United States eyes SA Maple Syrup Market

South Africa is considered a net importer of maple syrup since 2015, with imports valued at US$647,729 (109 Metric Tons (MT)). Contrary to this fact, the country similarly exported 82 tonnes of maple syrup in 2018 to African countries such as Namibia, Botswana, Eswatini, Zambia and Zimbabwe.

Wellington Sikuka of the USDA Foreign Agricultural Service, said the real maple syrup (one that is imported) was expensive in South Africa due to the fact that it was made from corn syrup while the locally produced maple syrup was made from sugar cane which was cheap.

“Real maple syrup is considered expensive in the South African local market, and ranges from R135 (US$9.50) to R149.99 (US$12) per 250 ml. As a result, there are several cheaper alternatives which are priced at least eight times cheaper from R29.99 (US$2.11) to R39.99 (US$2.81) per 500 ml such as Maple Flavoured Syrup, Traditional Syrup, and Golden Syrups,” he said.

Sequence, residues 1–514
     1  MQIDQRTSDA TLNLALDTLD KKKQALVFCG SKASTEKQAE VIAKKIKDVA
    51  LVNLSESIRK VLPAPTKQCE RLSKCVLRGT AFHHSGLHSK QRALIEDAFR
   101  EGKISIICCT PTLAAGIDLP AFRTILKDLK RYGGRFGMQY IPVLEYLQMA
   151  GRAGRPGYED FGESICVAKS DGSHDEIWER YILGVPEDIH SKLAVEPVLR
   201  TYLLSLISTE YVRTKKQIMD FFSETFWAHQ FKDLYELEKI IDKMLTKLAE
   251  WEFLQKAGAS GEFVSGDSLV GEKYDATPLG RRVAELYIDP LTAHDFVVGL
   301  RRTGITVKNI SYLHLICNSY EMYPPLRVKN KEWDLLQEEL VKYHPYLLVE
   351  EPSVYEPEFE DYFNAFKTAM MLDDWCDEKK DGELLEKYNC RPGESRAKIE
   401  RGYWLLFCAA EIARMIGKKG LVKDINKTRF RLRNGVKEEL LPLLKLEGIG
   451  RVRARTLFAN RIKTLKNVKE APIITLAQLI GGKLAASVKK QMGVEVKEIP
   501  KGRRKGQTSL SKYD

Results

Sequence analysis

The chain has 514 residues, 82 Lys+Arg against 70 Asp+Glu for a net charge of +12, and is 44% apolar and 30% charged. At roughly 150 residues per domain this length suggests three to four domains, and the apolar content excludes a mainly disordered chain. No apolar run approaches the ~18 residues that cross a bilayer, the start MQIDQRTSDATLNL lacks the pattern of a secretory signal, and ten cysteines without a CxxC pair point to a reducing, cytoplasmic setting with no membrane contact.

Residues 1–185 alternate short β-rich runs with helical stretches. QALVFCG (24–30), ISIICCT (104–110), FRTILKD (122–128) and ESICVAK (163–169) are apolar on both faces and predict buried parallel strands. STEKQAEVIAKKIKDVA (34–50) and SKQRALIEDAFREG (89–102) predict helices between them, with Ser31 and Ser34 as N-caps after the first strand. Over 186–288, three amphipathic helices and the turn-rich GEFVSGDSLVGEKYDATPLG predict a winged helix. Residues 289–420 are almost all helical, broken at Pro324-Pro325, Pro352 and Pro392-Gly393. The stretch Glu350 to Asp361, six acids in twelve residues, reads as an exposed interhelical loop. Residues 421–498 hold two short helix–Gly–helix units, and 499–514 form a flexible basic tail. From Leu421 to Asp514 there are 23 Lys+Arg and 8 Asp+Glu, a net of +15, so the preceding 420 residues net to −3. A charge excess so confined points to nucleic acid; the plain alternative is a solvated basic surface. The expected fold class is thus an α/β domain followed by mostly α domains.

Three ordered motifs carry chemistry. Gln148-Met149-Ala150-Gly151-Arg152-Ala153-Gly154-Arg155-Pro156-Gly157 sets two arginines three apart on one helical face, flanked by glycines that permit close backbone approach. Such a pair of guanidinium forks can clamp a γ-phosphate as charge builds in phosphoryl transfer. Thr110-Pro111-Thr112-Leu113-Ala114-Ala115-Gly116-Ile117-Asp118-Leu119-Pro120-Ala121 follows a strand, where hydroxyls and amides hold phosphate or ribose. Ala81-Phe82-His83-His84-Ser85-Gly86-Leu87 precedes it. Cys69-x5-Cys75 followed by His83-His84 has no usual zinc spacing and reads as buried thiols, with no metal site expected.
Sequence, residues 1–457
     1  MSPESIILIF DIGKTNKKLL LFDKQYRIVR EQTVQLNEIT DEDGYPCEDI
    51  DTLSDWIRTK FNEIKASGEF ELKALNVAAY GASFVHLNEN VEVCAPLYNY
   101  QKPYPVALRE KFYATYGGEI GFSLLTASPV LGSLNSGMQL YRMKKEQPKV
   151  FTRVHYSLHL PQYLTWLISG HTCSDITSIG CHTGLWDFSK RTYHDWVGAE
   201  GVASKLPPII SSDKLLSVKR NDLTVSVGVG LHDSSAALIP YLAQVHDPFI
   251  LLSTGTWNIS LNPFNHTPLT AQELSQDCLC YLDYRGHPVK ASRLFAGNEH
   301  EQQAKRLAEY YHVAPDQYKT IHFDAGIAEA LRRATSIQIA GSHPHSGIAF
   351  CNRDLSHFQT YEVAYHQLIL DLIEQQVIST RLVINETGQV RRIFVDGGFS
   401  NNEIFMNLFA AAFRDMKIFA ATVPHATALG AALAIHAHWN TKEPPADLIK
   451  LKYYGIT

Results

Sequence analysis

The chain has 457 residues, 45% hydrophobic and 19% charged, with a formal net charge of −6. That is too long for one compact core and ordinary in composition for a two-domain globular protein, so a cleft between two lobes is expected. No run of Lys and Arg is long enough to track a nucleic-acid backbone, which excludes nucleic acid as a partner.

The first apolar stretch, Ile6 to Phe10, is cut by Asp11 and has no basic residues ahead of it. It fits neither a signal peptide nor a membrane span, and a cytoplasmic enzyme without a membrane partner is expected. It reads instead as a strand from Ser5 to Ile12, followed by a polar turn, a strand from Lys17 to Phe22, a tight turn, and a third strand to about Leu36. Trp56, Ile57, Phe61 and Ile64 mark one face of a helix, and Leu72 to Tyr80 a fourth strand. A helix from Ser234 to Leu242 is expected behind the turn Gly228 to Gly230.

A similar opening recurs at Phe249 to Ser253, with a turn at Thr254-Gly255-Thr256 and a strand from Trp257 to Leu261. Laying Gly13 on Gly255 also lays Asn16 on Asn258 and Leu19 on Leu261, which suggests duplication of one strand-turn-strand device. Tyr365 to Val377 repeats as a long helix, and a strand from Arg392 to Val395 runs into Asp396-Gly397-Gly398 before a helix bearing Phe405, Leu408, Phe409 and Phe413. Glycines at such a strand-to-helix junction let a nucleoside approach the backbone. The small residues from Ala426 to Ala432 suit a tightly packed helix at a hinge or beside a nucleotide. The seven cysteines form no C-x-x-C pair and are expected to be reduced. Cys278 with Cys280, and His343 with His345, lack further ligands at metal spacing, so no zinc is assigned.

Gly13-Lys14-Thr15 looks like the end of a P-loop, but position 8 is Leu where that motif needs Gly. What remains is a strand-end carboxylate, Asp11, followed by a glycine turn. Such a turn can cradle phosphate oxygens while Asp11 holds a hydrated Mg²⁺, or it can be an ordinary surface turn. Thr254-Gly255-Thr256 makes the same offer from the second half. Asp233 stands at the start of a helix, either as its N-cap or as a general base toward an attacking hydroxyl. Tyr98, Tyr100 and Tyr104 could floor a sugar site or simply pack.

The difference between the corn and sugar cane maple syrup was in the health benefits. Corn maple syrup contained 54 compounds that included a variety of beneficial antioxidants, vitamins and minerals, while the sugar cane contained 387 calories and 100 carbs.

“For corn maple syrup, there are a variety of medical studies showing that it may aid in fighting cancer, diabetes, Alzheimer’s Disease,” noted a US based NPO Maple Valley Cooperative.

With changing consumer lifestyle patterns and a strong emerging black middle class across the African continent, corn maple syrup demand is set to rise.

According to the USDA, year to date imports up to March 2021 had already increased fivefold in South Africa compared to the same period in 2020.

Canada was the leading supplier of maple syrup and accounted for 74 percent of the total imports in 2020. It was for this reason that the United States of America was eying the South African maple syrup industry with a peculiar interest.

“Unfortunately for aspirant local producers, there we no known plantations for sugar maple trees and maple syrup production in South Africa. As a result, South Africa may present prospects for U.S. maple exports,” Sikuka elaborated.

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